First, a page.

Carry out fault diagnosis on services and systems for food and drink operations

Business Sectors (Suites): Food and Drink
Developed by: Improve
Approved on: 26 Feb 2021


This standard identifies the competences you need to carry out fault diagnosis on services, and service equipment and systems used within food and drink operations, in accordance with approved procedures. You will be able to diagnose faults on a range of service equipment and systems, including fresh and foul water, environmental control, emergency power generation, heating and ventilation, steam distribution, process control, instrumentation control, refrigeration, and cleaning equipment at sub-assembly and/or component level, as applicable to the equipment.

You will be able to use a variety of fault diagnostic methods and techniques, and to utilise a number of diagnostic aids and equipment. From the evidence gained, you will be able to identify the fault and its probable cause, and to suggest appropriate action to remedy the problem. Food and drink operations is a term used in this standard to cover the following sub sectors of Meat, Drinks, Confectionery, Fresh Produce, Bakery, Seafood and Dairy.

You will be able to work with minimal supervision, taking personal responsibility for your own actions and for the quality and accuracy of the work that you carry out.

Performance criteria

You must be able to:

  1. work safely at all times, complying with health and safety, environmental and other relevant food and drink regulations, directives and guidelines
  2. obtain and use the correct issue of company and/or manufacturers' drawings and maintenance documentation
  3. review and use all relevant information on the symptoms and problems associated with the products or assets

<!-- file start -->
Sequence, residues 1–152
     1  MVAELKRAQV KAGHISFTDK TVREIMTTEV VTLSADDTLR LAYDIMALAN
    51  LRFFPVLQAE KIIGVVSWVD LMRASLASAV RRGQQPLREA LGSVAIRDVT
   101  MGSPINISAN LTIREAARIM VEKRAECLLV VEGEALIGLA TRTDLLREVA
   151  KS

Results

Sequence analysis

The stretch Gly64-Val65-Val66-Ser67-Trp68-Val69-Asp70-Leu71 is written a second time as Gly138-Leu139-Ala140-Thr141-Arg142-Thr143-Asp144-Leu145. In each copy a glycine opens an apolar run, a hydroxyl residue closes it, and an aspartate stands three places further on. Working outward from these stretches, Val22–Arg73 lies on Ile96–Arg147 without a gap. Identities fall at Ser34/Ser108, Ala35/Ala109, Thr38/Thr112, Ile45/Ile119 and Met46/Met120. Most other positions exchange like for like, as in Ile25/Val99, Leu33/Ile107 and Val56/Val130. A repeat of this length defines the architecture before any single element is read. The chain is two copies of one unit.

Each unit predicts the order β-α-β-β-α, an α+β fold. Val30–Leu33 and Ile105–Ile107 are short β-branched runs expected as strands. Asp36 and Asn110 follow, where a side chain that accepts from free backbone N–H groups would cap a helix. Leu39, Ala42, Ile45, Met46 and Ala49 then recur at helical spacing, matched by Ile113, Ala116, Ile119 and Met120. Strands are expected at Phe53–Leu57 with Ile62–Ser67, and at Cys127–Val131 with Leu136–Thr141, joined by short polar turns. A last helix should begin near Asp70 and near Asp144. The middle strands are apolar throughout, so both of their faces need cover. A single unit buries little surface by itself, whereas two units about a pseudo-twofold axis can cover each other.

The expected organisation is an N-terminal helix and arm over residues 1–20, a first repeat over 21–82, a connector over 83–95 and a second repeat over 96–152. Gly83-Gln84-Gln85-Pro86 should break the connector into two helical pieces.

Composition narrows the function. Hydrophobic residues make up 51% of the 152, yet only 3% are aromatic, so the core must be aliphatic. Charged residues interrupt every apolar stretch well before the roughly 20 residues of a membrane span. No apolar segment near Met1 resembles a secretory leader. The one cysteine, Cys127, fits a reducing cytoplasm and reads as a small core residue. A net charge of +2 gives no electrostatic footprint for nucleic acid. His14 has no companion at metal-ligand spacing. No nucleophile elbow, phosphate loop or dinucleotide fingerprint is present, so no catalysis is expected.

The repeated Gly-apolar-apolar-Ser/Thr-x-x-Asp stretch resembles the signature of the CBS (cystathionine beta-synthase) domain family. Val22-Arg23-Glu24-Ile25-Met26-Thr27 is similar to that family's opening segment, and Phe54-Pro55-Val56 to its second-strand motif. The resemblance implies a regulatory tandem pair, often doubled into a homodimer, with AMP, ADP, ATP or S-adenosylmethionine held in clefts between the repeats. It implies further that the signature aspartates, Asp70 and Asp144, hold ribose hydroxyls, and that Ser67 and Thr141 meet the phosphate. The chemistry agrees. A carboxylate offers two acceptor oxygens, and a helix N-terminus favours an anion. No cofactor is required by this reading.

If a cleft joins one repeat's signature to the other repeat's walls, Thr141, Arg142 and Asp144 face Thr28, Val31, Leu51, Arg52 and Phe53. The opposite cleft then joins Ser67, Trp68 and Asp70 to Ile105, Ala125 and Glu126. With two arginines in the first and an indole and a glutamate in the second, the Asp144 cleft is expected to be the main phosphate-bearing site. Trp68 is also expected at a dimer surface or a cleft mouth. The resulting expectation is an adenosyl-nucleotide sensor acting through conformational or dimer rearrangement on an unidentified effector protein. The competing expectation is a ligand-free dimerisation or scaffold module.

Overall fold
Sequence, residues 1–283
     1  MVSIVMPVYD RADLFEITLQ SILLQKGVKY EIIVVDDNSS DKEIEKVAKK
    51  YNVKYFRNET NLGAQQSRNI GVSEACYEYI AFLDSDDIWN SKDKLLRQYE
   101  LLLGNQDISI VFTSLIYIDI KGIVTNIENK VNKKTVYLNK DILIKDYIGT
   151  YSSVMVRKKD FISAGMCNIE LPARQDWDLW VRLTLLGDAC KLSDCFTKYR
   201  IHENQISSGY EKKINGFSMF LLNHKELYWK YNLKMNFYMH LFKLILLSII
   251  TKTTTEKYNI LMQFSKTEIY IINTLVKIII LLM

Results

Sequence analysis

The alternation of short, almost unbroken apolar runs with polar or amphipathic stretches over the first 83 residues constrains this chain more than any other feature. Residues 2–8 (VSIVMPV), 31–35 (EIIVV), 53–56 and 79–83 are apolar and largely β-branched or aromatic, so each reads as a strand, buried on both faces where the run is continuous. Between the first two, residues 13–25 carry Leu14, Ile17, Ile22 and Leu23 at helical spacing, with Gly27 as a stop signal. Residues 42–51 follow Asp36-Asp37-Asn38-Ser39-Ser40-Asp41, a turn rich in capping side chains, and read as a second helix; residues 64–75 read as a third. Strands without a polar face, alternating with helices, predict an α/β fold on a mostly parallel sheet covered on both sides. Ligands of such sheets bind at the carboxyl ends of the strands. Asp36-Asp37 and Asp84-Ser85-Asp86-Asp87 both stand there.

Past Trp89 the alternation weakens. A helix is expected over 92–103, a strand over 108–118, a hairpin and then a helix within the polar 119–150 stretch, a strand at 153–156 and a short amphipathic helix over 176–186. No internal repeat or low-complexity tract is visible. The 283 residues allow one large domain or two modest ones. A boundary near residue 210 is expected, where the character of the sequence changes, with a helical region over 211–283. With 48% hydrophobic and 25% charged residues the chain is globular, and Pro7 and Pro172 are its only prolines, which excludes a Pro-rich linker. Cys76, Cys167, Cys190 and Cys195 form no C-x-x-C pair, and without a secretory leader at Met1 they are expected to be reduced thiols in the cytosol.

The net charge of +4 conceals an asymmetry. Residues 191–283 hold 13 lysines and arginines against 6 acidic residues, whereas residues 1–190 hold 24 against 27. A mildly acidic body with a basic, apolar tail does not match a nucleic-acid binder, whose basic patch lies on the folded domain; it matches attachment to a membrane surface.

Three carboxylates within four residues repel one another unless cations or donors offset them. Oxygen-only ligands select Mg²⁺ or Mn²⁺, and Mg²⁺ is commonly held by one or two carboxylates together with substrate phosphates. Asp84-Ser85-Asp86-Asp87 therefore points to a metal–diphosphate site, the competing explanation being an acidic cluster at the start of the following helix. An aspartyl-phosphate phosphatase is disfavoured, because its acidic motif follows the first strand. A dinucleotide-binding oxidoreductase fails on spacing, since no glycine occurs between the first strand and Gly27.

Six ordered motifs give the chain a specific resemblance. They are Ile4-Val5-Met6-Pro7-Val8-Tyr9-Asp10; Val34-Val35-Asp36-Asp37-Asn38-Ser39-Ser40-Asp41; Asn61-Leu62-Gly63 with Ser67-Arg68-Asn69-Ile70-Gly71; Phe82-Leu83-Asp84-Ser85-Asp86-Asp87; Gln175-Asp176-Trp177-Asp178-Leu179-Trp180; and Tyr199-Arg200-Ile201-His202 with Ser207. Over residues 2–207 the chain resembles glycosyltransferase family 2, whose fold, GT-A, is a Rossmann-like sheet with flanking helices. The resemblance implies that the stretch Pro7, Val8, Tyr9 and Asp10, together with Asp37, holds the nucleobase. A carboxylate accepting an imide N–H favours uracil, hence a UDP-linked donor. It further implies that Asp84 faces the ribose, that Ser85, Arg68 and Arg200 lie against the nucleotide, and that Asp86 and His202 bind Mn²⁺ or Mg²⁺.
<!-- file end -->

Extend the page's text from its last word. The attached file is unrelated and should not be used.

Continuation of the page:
4. plan the fault diagnosis so as to minimise disruption to normal working
  5. investigate and establish the most likely causes of the faults that occur during food and drink operations
  6. isolate equipment (including mechanical, electricity, gas, steam, air or fluids) in accordance with organisational procedures
  7. provide and maintain safe access and working arrangements for the maintenance area in accordance with organisational procedures
  8. select, use and apply diagnostic techniques, tools and aids to locate faults in accordance with organisational procedures
  9. complete the fault diagnosis in accordance with organisational procedures
  10. determine the implications of the fault for other work and considerations for food safety risks
  11. use the evidence gained to draw valid conclusions about the nature and probable cause of the fault
  12. record details on the extent and location of the faults and complete documentation in accordance with organisational procedures
  13. dispose of waste items in accordance with organisational procedures

Knowledge and Understanding

You need to know and understand:

  1. the health and safety and environmental requirements of the area in which you are carrying out the fault diagnostic activities, and the responsibility these requirements place on you not to compromise food safety
  2. the specific safety precautions to be taken when carrying out the fault diagnosis of the particular food and drink related service system
  3. the isolation and lock-off procedures or permit-to-work procedure that applies, including the critical control points
  4. the requirements of the British Retail Consortium (BRC) guidelines and standards in relationship to the fault diagnosis activities
  5. the specific requirements of your customer/client specifications in relationship to the fault diagnosis activities